MR Angiography of Head and Neck

If you or someone you love has had a blood clot, stroke, heart disease, or similar health problem, your doctor may recommend a magnetic resonance angiography (MRA) exam.
Similar to magnetic resonance imaging (MRI), an MRA is a test that allows your doctor to view inside the body. More specifically, an MRA helps your doctor review the condition of your blood vessels.
The test reveals details that will help your doctor to make an accurate diagnosis of your condition and to determine a customized treatment plan.
The difference between an MRI and an MRA is that an MRA is used specifically to examine blood vessels.The "A" in MRA stands for "angiography." This term describes any medical test that looks at the inside of blood vessels, including veins and arteries. When blood vessels become blocked, narrowed, or otherwise damaged, they can lead to problems like chest pain, a heart attack, or a stroke. An MRA allows your doctor to find exactly which blood vessels are injured and to view the extent of the damage.
Your doctor may schedule an MRA if you have had any of the following:

  • a stroke
  • heart disease, including congenital heart disease
  • vasculitis, which is an inflammation of blood vessels
  • an aortic aneurysm, which is a swelling of the main artery of the body called the aorta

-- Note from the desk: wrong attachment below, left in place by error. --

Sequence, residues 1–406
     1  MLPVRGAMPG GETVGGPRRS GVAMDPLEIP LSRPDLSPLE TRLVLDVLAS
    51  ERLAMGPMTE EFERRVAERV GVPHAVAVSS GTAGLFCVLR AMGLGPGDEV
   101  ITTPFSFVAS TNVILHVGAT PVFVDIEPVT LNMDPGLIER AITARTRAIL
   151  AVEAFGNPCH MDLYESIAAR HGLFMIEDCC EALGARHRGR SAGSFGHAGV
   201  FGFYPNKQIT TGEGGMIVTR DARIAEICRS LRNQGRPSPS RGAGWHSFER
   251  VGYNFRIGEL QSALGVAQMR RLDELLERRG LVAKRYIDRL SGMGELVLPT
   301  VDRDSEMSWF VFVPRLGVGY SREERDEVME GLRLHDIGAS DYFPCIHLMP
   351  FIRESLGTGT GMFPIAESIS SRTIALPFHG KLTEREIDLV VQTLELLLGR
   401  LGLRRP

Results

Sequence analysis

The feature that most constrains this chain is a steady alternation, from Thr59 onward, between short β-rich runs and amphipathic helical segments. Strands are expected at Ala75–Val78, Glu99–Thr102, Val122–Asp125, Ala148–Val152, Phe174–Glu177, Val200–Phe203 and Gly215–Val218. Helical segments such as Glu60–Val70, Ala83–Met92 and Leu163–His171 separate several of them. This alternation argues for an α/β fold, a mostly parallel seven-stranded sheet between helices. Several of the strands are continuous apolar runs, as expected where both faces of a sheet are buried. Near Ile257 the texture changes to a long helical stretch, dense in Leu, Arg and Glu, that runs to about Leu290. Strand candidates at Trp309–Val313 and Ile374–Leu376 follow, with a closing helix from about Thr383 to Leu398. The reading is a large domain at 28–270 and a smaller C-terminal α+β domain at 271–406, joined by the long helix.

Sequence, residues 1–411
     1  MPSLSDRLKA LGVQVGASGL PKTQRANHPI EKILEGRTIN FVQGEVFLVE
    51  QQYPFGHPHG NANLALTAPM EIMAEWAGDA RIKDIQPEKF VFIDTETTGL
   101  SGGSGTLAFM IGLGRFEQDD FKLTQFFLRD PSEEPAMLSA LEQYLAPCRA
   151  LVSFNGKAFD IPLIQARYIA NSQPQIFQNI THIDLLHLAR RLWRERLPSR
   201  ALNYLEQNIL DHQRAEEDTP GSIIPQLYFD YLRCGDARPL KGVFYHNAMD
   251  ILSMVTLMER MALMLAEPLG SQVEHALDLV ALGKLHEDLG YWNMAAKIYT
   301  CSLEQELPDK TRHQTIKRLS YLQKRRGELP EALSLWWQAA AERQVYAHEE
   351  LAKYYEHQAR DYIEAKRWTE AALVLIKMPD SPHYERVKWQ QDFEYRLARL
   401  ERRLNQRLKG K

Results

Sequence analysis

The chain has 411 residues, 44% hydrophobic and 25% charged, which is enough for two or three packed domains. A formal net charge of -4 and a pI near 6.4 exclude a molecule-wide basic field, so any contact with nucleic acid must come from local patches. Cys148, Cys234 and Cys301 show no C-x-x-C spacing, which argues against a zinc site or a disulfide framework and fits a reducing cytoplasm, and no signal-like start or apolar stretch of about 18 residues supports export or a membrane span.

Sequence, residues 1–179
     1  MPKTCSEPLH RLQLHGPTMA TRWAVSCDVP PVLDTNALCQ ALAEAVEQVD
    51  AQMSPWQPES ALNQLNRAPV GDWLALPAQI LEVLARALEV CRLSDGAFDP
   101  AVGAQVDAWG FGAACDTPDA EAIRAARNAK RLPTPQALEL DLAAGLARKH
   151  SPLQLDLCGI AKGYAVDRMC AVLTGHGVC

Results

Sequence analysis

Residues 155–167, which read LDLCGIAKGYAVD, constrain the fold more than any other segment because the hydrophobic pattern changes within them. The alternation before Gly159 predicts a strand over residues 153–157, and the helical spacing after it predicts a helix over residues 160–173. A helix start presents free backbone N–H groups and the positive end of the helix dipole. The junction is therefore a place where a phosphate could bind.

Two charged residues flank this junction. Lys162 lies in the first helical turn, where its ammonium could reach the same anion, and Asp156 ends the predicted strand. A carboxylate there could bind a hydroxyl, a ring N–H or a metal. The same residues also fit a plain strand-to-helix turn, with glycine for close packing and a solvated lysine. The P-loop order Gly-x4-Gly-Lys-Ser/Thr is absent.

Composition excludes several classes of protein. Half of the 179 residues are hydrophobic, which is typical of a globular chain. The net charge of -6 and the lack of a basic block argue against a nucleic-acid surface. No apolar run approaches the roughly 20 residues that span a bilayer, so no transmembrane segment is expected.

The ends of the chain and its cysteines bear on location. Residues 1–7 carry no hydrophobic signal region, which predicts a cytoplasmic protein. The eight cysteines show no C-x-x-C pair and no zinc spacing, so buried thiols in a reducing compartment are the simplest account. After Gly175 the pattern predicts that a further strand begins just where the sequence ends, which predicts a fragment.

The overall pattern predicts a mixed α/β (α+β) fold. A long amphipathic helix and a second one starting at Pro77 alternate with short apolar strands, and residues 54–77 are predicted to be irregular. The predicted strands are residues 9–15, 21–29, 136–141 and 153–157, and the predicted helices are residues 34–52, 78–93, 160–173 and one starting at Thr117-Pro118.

• a narrowing of the aorta
  • atherosclerosis, which is a narrowing of arteries in the arms or legs
  • renal artery stenosis, which is a narrowing of the blood vessels in the kidneys
  • carotid artery disease, which is a narrowing of the blood vessels that supply blood to the brain
  • mesenteric artery ischemia, which is a narrowing of one of the three arteries that supply blood to the small and large intestines

Procedure for MR Angiography

Before the test, your doctor will likely instruct you not to eat or drink anything for four to six hours. If you’re pregnant, have a pacemaker or other metallic device in your body like an artificial heart valve, or weigh more than 300 pounds, you may not be eligible for the MRA.
Once you’re ready for the exam, you’ll be asked to change into a hospital gown and remove any metal objects or jewelry that may interfere with the magnetic field. If you’re nervous or claustrophobic, you may be given a sedative to help you relax. You’ll want to lie as still as you can during the test to create the best quality images.
Next, the technician may inject a contrast dye into your hand or forearm to help improve the quality of the images. Be sure to inform your doctor if you have any concerns about allergic reactions to the dye, if you have kidney disease, or if you’ve had prior kidney failure. Poor kidney function can affect your ability to flush the dye from your system.
Finally, you’ll lay flat on the table, which will slide through a doughnut-shaped chamber. Inside the chamber, the magnetic fields and radio waves surround your body and create the images. The procedure is painless. It may last anywhere from 30 to 90 minutes. You’ll be able to talk to the technician through a speaker, and you’ll also likely be provided with earplugs or earphones to help you relax.